LNds. andEendtures oan uli BidsIn the Fifty-it CongressIhe
reciprocity legislation, to which the
Democrats were favorable, the House
was Democratic mainly because of the
dissatisfaction of the people with the
Payne-Aldrich tariff law, the election
that made the House Democratic being
the first opportunity the people had to
express that dissatisfaction tangibly.
The Democrats had a majority of
nearly seventy. They had not had pos
session of the House for sixteen years.
They were politically hungry and polit
ically thirsty. They needed sustenanice.
They thought they had a chance to elect
a president in 1912 and get full swing
at all the perquisites and prerogatives
of the Government; and each man of
the two hundred and twenty-eight Dem
ocrats was full of schemes for making
this chance a certainty. They were all
anxious to revise the tariff in order to
keep faith with the people, but they had
many plans for revision and many
shades I. opinion as to how it should
be revisea. They felt their power and
importance. They were eager, avid, en
thusiastic and none too prudent.
Underwood and the
Democratic Party.
Underwood was made leader of these
men. His task was to hold them in line,
to keep thtn together, to get them at
work intelligently and cohesively-to get
results. He knew that the Democratic
party, if it was to have any response
from the people in its demand for the election of a Democratic president in
1912, must show tihe people it is trustworthy and fit for confidence, lie knew
of the varying opinions as to what should be done with the tariff; knew of
the enthusiasm and lack of judgment, the partisanship, and even the fanaticism
of some of his .followers; .knewv they had been so long outside that the
attainment of the insidle position might lead to excesses in legislation. He chose
his lieutenants well and wvent at the job.
His task i's not yet completed. The President vetoed the tariff bills that were
formulated in the. House uinder Underwood's direction and intrinsically his,
though changed in many particulars in the Senate and in conference. There
will be more tariff legislation in the IHouse in this session. The Presi<Ient has
dlemanded it and the Democrats are willing to go at it again in their own
way. VWhat Underwood must (do again is to hold his party in line to meet
as complex a situation as he had to meet in the extra session that ended last
summer-and never forget for a minute that there is a presidential election.
next year that uindoubtedly will be largely decided upon the tariff question.
Judging the future by the past, he will do it. It is a situation charged with
dlynamite. Many of his D)emocratic colleagues are anxious for radhical action
in many ways. The Congress will not adjourn until just before the first national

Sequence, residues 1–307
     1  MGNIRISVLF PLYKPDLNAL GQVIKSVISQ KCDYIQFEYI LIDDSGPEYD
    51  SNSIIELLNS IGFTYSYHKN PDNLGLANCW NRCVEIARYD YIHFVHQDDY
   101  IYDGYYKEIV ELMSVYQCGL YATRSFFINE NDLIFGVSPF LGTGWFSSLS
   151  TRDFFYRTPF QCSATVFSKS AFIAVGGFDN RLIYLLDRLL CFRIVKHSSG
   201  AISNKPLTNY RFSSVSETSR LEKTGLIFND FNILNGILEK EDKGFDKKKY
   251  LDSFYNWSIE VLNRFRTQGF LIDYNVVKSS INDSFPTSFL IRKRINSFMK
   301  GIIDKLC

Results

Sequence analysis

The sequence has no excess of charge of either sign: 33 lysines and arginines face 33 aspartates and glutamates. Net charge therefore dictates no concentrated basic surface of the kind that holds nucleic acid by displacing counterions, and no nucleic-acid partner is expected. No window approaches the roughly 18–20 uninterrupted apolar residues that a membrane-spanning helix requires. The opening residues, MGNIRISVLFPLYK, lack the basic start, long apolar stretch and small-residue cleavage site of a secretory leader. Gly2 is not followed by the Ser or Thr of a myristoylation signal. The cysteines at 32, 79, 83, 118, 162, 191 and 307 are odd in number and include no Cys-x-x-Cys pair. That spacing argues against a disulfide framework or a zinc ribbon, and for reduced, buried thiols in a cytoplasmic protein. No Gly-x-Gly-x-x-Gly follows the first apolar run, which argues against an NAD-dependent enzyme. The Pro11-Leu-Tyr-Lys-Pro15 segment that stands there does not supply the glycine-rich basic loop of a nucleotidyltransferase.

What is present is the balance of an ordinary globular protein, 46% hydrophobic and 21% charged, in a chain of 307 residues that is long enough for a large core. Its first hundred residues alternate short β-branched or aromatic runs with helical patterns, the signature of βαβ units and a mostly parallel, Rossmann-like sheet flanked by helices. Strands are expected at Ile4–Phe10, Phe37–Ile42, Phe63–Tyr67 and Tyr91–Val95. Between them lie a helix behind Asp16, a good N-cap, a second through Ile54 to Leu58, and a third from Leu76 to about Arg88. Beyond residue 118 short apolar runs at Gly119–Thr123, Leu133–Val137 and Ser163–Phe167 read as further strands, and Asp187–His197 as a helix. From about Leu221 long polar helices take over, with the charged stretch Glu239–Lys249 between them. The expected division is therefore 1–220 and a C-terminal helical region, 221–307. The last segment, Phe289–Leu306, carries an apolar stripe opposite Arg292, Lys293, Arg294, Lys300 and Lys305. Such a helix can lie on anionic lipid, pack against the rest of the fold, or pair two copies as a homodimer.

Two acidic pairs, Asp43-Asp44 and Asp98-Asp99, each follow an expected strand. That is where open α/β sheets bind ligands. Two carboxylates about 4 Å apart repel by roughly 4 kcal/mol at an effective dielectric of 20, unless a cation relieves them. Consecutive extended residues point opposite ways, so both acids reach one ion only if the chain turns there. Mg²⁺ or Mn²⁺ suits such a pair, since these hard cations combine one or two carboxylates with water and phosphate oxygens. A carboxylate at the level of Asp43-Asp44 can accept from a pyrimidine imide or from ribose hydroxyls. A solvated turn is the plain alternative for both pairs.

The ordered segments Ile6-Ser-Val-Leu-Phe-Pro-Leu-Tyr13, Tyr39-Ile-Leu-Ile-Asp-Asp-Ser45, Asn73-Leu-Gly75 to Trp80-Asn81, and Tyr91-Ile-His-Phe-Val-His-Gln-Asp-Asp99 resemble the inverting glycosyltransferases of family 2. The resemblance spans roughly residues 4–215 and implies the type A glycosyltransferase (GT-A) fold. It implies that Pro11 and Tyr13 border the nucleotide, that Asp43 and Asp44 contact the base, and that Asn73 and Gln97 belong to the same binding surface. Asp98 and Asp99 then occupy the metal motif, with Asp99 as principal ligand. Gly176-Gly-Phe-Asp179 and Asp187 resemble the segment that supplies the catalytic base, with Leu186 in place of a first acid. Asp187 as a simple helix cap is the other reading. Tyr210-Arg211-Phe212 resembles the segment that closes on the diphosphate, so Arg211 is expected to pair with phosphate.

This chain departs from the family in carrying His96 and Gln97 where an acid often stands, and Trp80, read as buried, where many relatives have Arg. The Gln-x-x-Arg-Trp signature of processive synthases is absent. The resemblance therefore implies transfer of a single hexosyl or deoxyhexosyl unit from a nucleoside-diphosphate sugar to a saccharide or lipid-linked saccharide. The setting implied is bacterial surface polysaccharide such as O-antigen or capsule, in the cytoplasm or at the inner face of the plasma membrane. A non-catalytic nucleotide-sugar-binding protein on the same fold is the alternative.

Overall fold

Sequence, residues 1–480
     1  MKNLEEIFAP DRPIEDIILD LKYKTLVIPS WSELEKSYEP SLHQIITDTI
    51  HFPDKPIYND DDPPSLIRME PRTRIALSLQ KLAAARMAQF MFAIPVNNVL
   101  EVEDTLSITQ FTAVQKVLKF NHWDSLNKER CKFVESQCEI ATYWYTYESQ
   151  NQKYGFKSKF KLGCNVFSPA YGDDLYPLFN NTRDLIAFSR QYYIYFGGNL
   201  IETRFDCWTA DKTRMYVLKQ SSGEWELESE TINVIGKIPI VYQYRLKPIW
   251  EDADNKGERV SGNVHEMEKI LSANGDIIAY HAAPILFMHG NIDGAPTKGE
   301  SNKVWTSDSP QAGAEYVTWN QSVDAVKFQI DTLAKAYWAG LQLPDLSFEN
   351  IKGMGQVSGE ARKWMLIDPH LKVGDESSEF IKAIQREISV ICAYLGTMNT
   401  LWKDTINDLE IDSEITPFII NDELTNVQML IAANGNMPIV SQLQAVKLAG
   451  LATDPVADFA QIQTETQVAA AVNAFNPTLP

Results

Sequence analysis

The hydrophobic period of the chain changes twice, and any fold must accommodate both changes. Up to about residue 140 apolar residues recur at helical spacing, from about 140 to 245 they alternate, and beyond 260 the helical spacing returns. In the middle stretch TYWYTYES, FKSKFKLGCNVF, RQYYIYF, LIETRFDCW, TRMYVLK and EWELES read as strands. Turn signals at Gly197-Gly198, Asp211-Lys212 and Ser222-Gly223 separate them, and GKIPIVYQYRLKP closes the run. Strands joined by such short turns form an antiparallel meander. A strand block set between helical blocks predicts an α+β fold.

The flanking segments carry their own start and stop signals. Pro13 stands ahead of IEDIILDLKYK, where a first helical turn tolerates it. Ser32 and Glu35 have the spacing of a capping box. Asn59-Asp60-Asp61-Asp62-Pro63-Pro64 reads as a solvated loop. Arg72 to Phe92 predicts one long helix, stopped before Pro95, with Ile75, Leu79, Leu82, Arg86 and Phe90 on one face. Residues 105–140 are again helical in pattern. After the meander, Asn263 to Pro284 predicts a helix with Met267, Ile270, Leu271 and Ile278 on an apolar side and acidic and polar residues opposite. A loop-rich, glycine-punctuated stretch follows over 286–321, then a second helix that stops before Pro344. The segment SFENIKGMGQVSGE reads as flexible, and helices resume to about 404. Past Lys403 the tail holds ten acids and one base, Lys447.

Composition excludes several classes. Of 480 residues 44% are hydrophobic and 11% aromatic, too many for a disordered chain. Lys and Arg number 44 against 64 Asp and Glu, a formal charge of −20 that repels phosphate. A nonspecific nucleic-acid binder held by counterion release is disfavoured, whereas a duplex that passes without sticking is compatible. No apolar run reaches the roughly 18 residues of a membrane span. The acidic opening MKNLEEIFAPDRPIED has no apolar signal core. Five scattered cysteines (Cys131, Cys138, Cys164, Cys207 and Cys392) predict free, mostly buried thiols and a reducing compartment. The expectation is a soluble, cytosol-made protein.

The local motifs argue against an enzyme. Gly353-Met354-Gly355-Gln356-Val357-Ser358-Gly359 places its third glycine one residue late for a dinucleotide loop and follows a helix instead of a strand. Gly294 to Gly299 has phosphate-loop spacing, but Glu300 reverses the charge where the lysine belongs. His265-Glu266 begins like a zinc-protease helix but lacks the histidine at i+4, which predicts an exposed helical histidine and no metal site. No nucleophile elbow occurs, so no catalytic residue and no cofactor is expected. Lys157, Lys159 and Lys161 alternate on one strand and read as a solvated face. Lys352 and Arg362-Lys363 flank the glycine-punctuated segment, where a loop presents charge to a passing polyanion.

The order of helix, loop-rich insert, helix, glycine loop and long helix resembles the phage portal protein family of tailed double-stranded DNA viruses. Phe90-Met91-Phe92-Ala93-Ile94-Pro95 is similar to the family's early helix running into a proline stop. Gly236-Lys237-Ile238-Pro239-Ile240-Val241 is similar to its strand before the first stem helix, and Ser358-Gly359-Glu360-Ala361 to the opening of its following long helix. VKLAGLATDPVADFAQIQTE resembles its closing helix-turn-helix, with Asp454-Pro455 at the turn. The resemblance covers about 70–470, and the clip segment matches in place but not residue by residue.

convention is held. TIhe record of the present I louse will I':ure largely, not
only as to the individual fortunes of Underwood but also as to the fortunes
of whomsoever shall be nominated by the D~emocrats for president and that
candidate's success at the polls.
* * * * * *
Underwood Opposes Initiative, Referendum and Recall.
lie is an advanced conservative in his views of other legislation. For example,
he (does not, favor the wvide extension of the initiative, referendum and recall.
H-is contention is that these measures have worked out satisfactorily in local
matters where ,the people clearly understood the issues; but that in larger
matters of national importance the Congress is better able to protect the
interests of the people.
"Thme people suffer far more from the failure to enforce eating
laws than they do from the lack of proper legislation," he says. "Thec
people should drive from the places of power andl responsibility the
.unfaithful servants and elect those who will be faithful to the trust
unposedl upon them. The masses of people are far better judges of
men than they are of measures, and are far more likely to select an
honest man than an honest measure."
Underwood's Characteristics.
Underwood w~as, born in Kentucky in 1862, was educated at the Rugby
School in ,Louisville, and the University of Virginia, aind was admitted
to the bar in 1804. lie went at on1ce to Birmingham, Alabama, where he has
since practicedl law., lHe wvas first elected to Congress in 1894 andl has beeii
returned regularly since. Hei early took a hand in p~olitics andl served on State
and district comm ttees before lhe wvent to Waington. As I have shown,
his expgerience in tl1' H ouse has been varied andl his advance has been steady.
lHe is not a showy man, but a studious. Hie is not an eloquent orator. but
a convincing speaker. Hlis greatest speech was in oppositioni to the Payne
Aldrich bill when that measure was reported to the Hlouse of Representatives
by the Republican Ways and Means Committee in 1909. lHe made several
important speeches in advocacy of his own measures (luring the extra session 1
of the H-ouse last stimmer, but none was so important or so exhaustive as
that speech against the Payne bill. lie spoke for several hours, took up the
bill, section by section and analyzed it from his information andh conv'ictions.